Amy Flavin has a confession. "I thought I'd be the next Jane Pauley" as a journalism student at Michigan State University, she says.
|Amy Flavin, senior vice president and management supervisor, Campbell-Ewald|
But the native of small-town Bath, Mich., outside the state capital, switched her major to telecommunications after taking a few advertising classes. She joined Interpublic Group of Cos.' Campbell-Ewald in Warren shortly after graduating from Michigan State in 1992.
In the big city
"If you're going to be in advertising, you've got to be in the big city," she figured.
Since then, she has worked on virtually every account team for Chevrolet cars. Ms. Flavin was promoted to vice president in 1999 from account supervisor. Her jump to senior vice president just two years later places her among the agency's fastest risers to that position. Ms. Flavin is now management supervisor on the Cavalier, General Motors Corp.'s best-selling car in 2002, and for the brand's upcoming Aveo small car. The team she oversees is about to expand to four.
Now 31, Ms. Flavin considers the 1995 launches of the Cavalier and Malibu among her proudest moments. She was part of the team that launched the brands, with sales of the redone Cavalier jumping nearly 45%.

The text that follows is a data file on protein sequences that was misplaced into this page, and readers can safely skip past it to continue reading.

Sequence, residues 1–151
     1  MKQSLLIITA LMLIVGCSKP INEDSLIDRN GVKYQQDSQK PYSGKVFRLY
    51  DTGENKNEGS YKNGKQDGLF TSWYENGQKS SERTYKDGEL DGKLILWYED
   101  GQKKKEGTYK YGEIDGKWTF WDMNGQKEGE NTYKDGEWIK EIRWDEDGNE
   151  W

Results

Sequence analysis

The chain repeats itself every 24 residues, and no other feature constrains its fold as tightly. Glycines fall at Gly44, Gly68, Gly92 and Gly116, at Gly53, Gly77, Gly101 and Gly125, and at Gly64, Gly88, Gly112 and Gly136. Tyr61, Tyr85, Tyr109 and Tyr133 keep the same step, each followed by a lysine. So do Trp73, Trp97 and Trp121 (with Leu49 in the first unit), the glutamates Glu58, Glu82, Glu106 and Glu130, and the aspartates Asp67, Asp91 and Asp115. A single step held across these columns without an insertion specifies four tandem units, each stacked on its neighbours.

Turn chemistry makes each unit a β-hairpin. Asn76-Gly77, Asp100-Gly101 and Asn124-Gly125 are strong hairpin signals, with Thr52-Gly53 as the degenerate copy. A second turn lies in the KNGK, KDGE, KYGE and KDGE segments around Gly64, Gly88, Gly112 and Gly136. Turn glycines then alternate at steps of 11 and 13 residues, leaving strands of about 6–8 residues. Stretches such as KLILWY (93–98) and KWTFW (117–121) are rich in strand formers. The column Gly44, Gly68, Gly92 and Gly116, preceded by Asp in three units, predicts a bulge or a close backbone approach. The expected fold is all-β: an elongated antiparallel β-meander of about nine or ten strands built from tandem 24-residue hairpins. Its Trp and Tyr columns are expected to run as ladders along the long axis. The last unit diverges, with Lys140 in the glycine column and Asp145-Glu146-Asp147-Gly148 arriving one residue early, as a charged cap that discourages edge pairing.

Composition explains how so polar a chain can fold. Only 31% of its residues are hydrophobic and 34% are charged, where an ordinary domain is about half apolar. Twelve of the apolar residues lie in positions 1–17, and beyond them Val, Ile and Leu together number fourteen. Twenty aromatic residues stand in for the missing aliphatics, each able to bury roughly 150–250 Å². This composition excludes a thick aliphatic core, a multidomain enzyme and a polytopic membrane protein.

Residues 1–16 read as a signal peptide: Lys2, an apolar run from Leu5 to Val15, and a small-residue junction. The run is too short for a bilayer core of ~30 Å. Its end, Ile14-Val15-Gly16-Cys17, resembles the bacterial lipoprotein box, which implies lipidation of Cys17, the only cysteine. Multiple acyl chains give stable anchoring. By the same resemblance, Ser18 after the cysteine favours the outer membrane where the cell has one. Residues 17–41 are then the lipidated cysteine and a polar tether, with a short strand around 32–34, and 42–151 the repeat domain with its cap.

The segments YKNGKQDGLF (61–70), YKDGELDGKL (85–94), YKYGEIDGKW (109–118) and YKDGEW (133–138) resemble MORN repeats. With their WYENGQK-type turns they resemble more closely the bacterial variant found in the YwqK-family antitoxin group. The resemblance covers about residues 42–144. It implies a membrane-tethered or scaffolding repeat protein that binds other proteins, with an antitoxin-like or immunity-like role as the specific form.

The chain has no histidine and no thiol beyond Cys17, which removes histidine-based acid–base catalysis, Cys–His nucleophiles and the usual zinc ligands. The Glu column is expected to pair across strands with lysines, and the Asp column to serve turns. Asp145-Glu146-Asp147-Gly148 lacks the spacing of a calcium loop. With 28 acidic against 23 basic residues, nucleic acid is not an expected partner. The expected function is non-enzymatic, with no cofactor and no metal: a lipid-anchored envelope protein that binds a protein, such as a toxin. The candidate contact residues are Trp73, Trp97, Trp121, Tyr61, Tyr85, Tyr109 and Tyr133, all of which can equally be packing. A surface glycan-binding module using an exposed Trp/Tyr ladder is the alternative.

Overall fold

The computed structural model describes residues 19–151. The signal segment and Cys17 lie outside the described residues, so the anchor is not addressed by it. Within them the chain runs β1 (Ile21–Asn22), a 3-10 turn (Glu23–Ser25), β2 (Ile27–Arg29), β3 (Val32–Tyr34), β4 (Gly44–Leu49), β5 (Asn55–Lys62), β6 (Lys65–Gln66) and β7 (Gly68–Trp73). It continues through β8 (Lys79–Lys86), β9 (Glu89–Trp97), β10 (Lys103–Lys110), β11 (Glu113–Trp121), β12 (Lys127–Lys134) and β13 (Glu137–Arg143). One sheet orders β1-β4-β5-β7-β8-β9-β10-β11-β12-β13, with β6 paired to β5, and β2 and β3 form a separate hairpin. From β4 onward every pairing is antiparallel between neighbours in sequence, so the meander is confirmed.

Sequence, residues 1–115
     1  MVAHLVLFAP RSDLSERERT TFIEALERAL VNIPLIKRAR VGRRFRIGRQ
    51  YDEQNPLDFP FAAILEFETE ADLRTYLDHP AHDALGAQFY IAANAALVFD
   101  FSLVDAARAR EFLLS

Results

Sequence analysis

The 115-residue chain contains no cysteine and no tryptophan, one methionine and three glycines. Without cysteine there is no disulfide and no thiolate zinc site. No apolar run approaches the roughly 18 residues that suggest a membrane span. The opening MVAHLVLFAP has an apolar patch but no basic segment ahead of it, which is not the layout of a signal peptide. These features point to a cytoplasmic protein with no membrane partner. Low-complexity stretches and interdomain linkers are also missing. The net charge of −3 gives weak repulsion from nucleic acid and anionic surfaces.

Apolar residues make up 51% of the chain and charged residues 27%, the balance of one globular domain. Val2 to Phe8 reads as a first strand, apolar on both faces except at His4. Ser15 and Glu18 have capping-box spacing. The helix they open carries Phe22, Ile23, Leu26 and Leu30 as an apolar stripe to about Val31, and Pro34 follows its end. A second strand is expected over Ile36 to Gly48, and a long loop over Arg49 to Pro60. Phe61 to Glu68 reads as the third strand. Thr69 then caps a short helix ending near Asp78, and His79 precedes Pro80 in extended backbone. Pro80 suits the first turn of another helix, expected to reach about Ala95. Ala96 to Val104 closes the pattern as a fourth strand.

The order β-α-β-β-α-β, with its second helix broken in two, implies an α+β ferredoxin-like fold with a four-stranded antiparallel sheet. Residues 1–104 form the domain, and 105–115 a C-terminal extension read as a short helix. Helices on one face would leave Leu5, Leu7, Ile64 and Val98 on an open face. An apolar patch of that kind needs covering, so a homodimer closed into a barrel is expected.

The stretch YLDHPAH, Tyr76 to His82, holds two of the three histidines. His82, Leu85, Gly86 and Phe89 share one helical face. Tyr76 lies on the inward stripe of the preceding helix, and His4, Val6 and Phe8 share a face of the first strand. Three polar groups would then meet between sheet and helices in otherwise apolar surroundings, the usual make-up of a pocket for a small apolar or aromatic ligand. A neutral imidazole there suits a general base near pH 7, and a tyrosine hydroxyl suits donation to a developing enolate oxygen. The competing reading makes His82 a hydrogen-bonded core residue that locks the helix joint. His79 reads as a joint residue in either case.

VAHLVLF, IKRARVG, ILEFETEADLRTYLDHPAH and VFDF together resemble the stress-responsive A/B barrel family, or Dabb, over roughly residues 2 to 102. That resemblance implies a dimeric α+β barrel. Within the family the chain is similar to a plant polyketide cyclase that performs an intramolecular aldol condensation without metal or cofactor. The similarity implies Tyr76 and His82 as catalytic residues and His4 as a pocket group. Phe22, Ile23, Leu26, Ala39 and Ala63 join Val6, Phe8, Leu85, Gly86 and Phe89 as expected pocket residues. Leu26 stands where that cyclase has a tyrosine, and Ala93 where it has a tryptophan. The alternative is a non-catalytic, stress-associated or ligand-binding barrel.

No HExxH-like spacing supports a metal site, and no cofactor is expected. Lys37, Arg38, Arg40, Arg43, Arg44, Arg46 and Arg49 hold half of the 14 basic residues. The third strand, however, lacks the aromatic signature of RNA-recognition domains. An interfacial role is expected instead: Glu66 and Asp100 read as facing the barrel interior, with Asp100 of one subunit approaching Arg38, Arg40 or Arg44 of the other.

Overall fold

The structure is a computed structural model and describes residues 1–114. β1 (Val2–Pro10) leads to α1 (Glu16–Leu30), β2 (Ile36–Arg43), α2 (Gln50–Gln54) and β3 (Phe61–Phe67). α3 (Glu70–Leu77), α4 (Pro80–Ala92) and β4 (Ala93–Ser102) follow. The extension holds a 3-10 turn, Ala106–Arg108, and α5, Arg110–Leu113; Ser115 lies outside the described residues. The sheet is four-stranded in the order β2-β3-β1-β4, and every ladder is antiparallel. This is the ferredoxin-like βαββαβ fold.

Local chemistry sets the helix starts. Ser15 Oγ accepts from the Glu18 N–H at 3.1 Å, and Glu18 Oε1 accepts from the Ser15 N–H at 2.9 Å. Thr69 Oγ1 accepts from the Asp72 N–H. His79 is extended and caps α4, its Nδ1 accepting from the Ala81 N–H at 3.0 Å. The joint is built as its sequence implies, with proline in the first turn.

In that way, Ms. Flavin is like Chevrolet cars' tagline: "We'll be there."
"Nothing is to too small a project or idea for her to work on," says Mary Larson, marketing director on Cavalier, who met Ms. Flavin three years ago. "She gets involved in every aspect of our business," says Ms. Larson. She calls Ms. Flavin "an outstanding strategic thinker" with "outstanding relationship skills" who knows how to get the biggest bang for Chevrolet's buck and makes contributions in the creative development stages.
Ms. Flavin also serves on Campbell-Ewald's Youth Truths Task Force with about seven others across all agency disciplines.
Being the best
Ms. Flavin quips that her most immediate goal is the birth of her first child and the challenge of balancing her career and motherhood. She hopes to emulate her mother, her first mentor, who was able to balance her family and professional life as a first-grade teacher. "I want to be the best."